The traditional diagnostic system construes a person as a complex biological machine the controlling mechanisms of which are the neurochemical patterns of the brain. Information processing is seen as the central function of the brain, a conception that extends from neural transmissions to perceptions of the environment. This information is selected for its relevance to a given stimulus situation. Such selection is not always without error. The result of acting on mistaken perceptions is conduct that may violate social norms, leading to a psychiatric diagnosis.

Observing a person confounding imaginings, rememberings, and current perceptions, a clinician would invoke the diagnostic label "hallucinating schizophrenic.'' Or, observing a person confounding irrelevant sad feelings with nonpresent situations, the clinician might entertain the diagnosis "depression." In these instances, information appears to be scrambled, and there is a strong presumption that the brain, as the organ of information processing, is malfunctioning and the unwanted behaviors are thus believed to be caused by chemical imbalances in the brain.

Information, however, is not merely physical. To be sure, information can be reduced to a "signal" that can be described in the vocabulary of physics, but the signal never embodies meaning. In this sense, meaning is not physical but is constructed—the achievement of human beings who have acquired linguistic and epistemic skills. To sustain the premise that abnormal behavior is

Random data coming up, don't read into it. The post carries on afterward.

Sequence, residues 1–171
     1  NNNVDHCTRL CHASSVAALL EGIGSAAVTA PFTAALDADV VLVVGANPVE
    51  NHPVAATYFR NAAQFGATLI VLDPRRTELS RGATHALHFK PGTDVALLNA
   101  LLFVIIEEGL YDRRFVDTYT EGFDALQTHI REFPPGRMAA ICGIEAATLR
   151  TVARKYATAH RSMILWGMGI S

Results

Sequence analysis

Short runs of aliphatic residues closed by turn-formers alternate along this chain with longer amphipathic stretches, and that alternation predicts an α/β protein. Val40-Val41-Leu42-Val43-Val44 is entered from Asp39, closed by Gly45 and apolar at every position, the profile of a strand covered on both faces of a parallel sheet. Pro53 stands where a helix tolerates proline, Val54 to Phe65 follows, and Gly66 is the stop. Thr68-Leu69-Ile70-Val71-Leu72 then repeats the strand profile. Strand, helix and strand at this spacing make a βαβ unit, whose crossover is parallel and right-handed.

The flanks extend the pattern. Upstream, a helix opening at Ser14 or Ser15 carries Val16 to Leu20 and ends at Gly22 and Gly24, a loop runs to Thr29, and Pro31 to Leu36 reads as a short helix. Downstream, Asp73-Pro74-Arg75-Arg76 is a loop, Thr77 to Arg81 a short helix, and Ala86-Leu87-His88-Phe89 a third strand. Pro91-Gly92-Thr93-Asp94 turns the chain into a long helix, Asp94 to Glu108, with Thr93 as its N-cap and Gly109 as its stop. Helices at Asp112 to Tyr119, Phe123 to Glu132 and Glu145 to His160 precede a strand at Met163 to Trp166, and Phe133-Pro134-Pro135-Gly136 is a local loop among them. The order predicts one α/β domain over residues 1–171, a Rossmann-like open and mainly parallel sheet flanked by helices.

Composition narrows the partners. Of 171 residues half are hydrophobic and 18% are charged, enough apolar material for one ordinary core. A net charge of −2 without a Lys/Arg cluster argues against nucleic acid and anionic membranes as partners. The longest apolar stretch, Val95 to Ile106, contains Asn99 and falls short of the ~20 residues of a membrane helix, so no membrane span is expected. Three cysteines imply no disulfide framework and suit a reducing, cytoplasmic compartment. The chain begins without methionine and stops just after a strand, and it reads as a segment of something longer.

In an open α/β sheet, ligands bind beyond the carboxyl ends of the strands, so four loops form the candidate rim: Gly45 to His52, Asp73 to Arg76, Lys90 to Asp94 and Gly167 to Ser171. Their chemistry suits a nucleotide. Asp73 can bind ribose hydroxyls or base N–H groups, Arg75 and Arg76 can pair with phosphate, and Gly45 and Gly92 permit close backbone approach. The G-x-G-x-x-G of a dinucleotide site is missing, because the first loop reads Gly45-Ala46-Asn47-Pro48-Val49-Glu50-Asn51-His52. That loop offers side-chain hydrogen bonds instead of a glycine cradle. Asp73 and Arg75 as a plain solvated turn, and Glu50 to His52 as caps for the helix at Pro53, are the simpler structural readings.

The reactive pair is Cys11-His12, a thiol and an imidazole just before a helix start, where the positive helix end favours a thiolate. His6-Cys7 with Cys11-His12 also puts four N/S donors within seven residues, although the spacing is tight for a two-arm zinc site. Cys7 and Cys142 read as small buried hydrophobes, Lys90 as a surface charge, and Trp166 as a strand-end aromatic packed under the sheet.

Classifying Mental Disorders: Nontraditional Approaches the product of exclusively physical processes would be like saying that the science of acoustics can reveal to us the meanings carried by human speech. The concepts and theory of sound waves and temporal patterns can tell us about human speech in their own terms, and that is hardly trivial. But scientists who do such work make no claims that their instruments can tell us anything about the meanings of words and sentences, the logic of theory, or the motives of actors who try to communicate with one another. To extend physical science into realms of meanings and motives is to claim too much. It is to persevere in a metaphysical belief that the only reality is the reality of the physical world, a belief that ignores the arguments and demonstrations that realities are social constructions.

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